"I pity the poor farmer that once dwelled there. It was a simple life, I'd wager; one of rising early in the morning and retiring at sundown after a long day of hard work. Now, I fear, that he has gone quite mad"
- Milton Berwick, Private Investigator: Report No. 2
At a Glance
Wheat, by now, has been harvested across the ward and yet the fields before you stand well over five feet in height, significantly taller than the previous farmer's just down the road a few miles. The wisp of a breeze breaks the numbing silence for but a moment, parting the field to allow one to espy a homestead atop the clearing of a hill. Rather unexpectedly, a man clasps his hand upon your shoulder; he is dressed in fineries from the city with a long coat, hat, and tall boots.
"My friend," he begins, looking into your eyes with his tired ones, "tread not any further. I am afraid that this place was seized by the hands of madness not long ago- What happened to the farmer is beyond me; rather beyond comprehension. I suggest you turn back and go about your way." His tone is not threatening in the slightest, for he seems to be offering a warning.
The smell is what sets this stead apart from most: it reeks of mildew and rot despite appearing rather healthy. Those foolish enough to venture deeper within to the crop find nothing unusual at first. Seemingly bereft of life, the only noise to be heard is your disturbance of the wheat. And then, skittering. Something low to the ground perhaps a small beast. It only startles some as you dismiss it. Reaching the home atop the hill unimpeded is an easy task to be sure. The house itself looks to be in disrepair: the windows sag with melancholy, the door hardly hangs upon its hinges, the floorboards of the porch groan uneasily as you climb them, and rot seems to be eating away at some facets of the outer wall.
"The farmer once known as Gregor has not been seen in some time. I'd wager that he either abandoned the stead or died under... mysterious circumstances"
- Milton Berwick, Private Investigator: Report No. 1
The door, as it is pushed, alarms the rest of the house to your presence by howling on its rusted hinges. In its day, you would wager this place was rather nice. No simple farmer could ever wish to afford such a lovely two story home. It is evident that the walls were once painted a vibrant yellow that has now begun to fade. A small staircase clings to the easternmost wall, dangerously climbing up at too narrow an angle to fit an entire foot upon each step. Before the stairs is an open entryway that leads into what appears to be a sort of parlor or smoking room with upholstered furniture eaten away at by mold and moths alike.
To the west appeared to be the kitchen. A simple iron stove sat empty and the lingering smell of wood ash clung to the room as to compete with the stench of mildew. Cast-iron pans and utensils, dirty with the previous meal remained to appease the flies and maggots. The water pump was just visible from the dirt-caked windows and the tapestries surrounding these windows were faded and eaten by moths. Nearby sat a dining table and a handful of mismatched chairs blanketed with dust.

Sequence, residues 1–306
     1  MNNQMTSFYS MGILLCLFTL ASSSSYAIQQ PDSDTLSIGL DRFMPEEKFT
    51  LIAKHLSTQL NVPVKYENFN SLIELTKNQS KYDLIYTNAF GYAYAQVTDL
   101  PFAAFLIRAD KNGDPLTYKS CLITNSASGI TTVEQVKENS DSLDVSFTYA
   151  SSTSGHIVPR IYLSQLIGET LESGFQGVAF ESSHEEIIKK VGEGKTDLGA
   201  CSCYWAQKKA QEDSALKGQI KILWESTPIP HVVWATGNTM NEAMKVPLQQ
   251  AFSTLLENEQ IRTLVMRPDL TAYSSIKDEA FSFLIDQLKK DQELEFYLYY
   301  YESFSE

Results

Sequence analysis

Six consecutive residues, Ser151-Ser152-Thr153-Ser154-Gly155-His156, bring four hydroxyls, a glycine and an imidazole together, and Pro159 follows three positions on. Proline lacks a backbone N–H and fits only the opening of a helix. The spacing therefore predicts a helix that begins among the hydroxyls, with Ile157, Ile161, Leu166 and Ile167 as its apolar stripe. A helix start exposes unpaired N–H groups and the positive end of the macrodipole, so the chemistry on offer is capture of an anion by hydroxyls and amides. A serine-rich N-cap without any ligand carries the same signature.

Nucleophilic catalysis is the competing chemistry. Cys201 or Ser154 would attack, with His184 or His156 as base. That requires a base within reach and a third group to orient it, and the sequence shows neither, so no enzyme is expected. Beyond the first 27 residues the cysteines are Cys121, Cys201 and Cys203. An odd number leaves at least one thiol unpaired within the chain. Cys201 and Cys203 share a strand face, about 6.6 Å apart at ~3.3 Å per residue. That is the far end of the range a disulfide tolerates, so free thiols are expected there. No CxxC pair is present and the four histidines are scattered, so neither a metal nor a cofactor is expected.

Turning back to the stairs, you must cling to the railing and walk sideways as to not fall. Uneasiness falls over those who may be afraid of heights as each step seems to make its own sound of protest. At the landing, there are two rooms: one to the east and another to the west down the hall some.
Behind the easternmost upstairs door was the beginnings of a study. Books had hardly begun to fill the many niches made by the shelves put there and a desk sat in disarray with scribbled notes, open tomes, and plenty of dried ink. Behind the desk was an old leather chair, faded only to time and worn thin by use on the arms. A peculiar line of text draws your eye: it is written in a script so unusual that the mind can hardly comprehend it. It is as though four different quills were writing at once. You feel strangely compelled to take said tome, shutting it and stowing it away for later.
In the room behind the westernmost upstairs door is a fine bedroom with a four-post bed with ruined curtains hanging about it. The master bedroom had all manner of clothes strewn about the floor all seemingly discarded or destroyed by insects. From the window, you could easily view the field that lay before the home. Within all the muck, it seems that someone had began drawing upon the glass. It is rather difficult to make out what it says in the afternoon light. To your surprise, the bed looks almost untouched!
Awakened by a strange sound and a glowing umbral light, you are drawn to the window once more. There is a thin mist of violet emitting from the field, seeping ethereal tendrils that reach towards the home. Sudden movement draws your eye as the wheat is twisted and trampled by some dark figure. The smudged drawing on the window catches your attention as a low ominous rumble begins to throttle the home.
"GODS FORGIVE ME FOR WHAT I HAVE DONE"